There’s more to buying a house than just saving a deposit. This 6-step guide will help you along the right path and make your planning more manageable.
Work out a target for your deposit.
The first step towards getting your own home is saving your the deposit. Developing a habit of saving and budgeting is the best way to get going. But it can be hard knowing exactly how big your deposit should be.
Take a look at the area you hope to buy in and check recent sale prices. If you get time, get along to a few open houses and on-site auctions, this will give you a good idea of what you need to aim for. In most cases the minimum deposit you’ll need is 5 per cent of the total purchase price of the property. This amount can vary depending on how much you’re borrowing and the type of loan you get. You’ll also need to have money for the fees and charges like stamp duty and lenders mortgage insurance.
Have a look at ASIC’s online saving calculator to see what you need to save each month over different time frames to work out how long it will take you to reach your goal.
Set your budget
If you don’t have a monthly budget already then now’s the time to work out exactly where your money has been going – and where you want it to go. Sounds simple but the budgeting process does all the heavy lifting when it comes to saving up for your deposit. It’s when you see how much gets spent on coffees, drinks and takeaways, that you’ll realise you can start to keep some money back each month.
If you have the discipline and the desire, an easier way to save money can be to set aside a certain amount or percentage of your weekly or monthly income and put it into your savings account. This can be something like ten per cent of what you earn every week, but this amount has to line up with your time frame to achieve your deposit.
Get credit ready for the lenders
When you are ready to approach a lender to buy a home, it’s really important that your credit history is in as good a shape as possible.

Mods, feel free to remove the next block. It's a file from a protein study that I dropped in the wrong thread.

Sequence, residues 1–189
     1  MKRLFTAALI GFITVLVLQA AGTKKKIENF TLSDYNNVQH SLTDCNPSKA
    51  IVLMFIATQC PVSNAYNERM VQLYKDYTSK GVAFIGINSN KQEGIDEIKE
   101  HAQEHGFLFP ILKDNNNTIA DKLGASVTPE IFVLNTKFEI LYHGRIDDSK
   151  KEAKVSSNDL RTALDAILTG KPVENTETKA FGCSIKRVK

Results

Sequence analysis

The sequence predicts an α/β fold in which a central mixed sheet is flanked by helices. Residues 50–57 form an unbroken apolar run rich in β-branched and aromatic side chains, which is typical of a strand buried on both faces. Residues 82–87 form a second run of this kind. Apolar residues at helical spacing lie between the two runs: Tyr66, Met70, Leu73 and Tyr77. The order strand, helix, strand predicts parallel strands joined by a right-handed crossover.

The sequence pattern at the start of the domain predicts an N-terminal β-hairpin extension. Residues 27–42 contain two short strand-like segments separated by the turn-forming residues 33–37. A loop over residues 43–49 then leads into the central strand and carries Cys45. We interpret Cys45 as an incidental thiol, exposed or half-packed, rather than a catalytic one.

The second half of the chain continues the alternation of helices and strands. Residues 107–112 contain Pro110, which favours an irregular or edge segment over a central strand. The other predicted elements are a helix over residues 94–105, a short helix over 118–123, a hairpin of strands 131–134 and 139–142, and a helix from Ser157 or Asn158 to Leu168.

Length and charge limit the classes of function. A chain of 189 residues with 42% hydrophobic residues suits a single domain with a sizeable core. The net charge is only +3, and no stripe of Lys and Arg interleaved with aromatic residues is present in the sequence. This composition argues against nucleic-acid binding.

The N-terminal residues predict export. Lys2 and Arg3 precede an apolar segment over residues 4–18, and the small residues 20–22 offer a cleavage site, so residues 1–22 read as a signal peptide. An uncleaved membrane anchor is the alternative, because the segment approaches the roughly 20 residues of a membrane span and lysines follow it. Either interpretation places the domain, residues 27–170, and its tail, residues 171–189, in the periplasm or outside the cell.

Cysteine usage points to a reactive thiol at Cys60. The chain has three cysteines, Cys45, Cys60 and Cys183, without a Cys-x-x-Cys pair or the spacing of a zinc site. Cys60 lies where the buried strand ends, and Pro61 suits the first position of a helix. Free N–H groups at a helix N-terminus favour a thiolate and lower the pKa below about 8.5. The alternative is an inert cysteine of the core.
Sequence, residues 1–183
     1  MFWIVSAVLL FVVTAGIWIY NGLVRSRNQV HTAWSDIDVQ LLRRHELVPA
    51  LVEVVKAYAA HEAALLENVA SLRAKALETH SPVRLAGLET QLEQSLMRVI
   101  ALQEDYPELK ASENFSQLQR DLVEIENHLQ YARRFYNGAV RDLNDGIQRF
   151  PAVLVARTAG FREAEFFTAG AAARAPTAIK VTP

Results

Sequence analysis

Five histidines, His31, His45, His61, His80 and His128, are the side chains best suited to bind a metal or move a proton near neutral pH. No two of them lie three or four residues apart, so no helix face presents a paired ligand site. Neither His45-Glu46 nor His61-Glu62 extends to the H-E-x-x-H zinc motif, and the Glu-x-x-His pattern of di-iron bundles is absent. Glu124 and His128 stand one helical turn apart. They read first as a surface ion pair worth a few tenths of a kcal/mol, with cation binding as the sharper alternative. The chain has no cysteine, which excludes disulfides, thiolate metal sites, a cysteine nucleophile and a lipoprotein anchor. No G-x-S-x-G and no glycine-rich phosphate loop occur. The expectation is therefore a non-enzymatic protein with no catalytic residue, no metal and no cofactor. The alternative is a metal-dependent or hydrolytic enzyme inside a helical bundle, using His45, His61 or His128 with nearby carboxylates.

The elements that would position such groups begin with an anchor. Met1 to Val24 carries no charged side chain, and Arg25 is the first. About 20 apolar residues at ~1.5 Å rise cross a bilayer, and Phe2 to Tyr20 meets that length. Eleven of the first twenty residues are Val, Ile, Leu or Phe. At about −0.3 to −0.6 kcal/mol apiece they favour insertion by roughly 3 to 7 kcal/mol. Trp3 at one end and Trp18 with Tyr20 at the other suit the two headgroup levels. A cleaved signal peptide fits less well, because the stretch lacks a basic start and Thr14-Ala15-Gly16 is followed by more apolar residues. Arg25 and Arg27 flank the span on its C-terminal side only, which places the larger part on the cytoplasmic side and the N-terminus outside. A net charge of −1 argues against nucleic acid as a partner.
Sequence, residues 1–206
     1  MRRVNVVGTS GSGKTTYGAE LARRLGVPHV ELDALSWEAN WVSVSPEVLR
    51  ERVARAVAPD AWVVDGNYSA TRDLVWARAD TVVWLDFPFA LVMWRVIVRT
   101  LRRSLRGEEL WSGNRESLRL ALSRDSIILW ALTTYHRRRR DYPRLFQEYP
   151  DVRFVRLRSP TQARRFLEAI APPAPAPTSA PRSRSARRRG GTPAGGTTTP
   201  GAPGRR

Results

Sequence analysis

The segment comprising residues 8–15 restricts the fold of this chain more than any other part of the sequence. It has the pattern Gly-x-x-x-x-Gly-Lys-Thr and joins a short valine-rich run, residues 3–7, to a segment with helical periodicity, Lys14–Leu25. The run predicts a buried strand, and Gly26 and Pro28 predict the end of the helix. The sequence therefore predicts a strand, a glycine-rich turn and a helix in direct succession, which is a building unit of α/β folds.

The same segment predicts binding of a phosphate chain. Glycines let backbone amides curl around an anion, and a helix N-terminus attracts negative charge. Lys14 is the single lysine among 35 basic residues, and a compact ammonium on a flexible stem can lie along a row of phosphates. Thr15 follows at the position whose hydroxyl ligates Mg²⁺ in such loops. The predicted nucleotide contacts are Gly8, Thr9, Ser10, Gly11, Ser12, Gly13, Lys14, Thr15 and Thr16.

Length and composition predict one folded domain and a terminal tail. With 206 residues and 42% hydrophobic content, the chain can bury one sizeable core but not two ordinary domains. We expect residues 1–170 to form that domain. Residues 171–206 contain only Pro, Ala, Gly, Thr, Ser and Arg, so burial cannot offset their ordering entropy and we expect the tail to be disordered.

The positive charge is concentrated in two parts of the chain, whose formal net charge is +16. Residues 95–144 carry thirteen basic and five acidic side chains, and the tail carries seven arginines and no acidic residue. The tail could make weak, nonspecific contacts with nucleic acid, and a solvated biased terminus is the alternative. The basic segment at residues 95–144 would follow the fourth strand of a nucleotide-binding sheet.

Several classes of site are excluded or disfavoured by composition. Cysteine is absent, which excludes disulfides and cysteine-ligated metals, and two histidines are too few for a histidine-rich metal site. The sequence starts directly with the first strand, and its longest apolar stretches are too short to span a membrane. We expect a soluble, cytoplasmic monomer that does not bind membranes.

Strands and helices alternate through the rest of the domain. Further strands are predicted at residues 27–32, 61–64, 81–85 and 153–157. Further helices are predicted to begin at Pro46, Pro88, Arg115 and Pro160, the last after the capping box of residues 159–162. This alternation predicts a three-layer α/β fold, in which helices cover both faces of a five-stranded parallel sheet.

First, pay off any outstanding debts. Clearing your debts plus a history of regular savings in your bank account, combined with a good record of employment, will really help you secure a home loan in the future. It’ll also stop you paying big sums in interest; credit card debt eats up money, so clear it. And if you have more than one card, close them and cancel the account. Your credit card limits will get in the way of your borrowing capacity when you try to borrow.
Second thing: check your credit history. Companies that give credit (like banks, insurance companies and power companies) want to know if you have a good financial track record. Credit agencies collect that information to help those companies make decisions about lending to people. They gather information about your credit history and, on the basis of what they find, they give you a credit score – a number between 0 and 1,000. Most credit scores are between 300 and 850. The higher the score, the better your credit rating is. You can find your score for free online.
Have a look at your report and check for accuracy. If you see any mistakes, now is the time to correct them. If you’ve never applied for credit, you probably won’t have a credit score but most people have a credit history of some sort. If your credit history looks good when the time it comes to apply for your home loan, you’ll have a better chance of securing it. So in the time between now and when you apply, don’t fall behind on bill payments or add any new debt.
Get across the details
There are lots of small extra expenses and fees that are part and parcel of applying for a home loan. These have the potential to add up, so it's important to do your research into the details of any offer you look at. These charges may include establishment fee, legal fee, monthly administration fee and more.
On the plus side there are also things that can help. First home owners can be eligible for exemptions from government charges and may also be able to access certain government grants.
Decide if you need expert advice
Expert advice is another potential cost, but there are benefits in getting help. Whether it’s a buyer’s agent, accountant or real estate broker, their knowledge and specialisation could save you money in other areas – not to mention guiding you through some of the more technical aspects of buying a home.
When you’re ready to talk to someone about buying your own home, give me a call. I’ve specialised in lending for over 20 years and helped thousands of customers just like you.
You can talk to me about your home loan options on 0402 684 199. I’m here to help.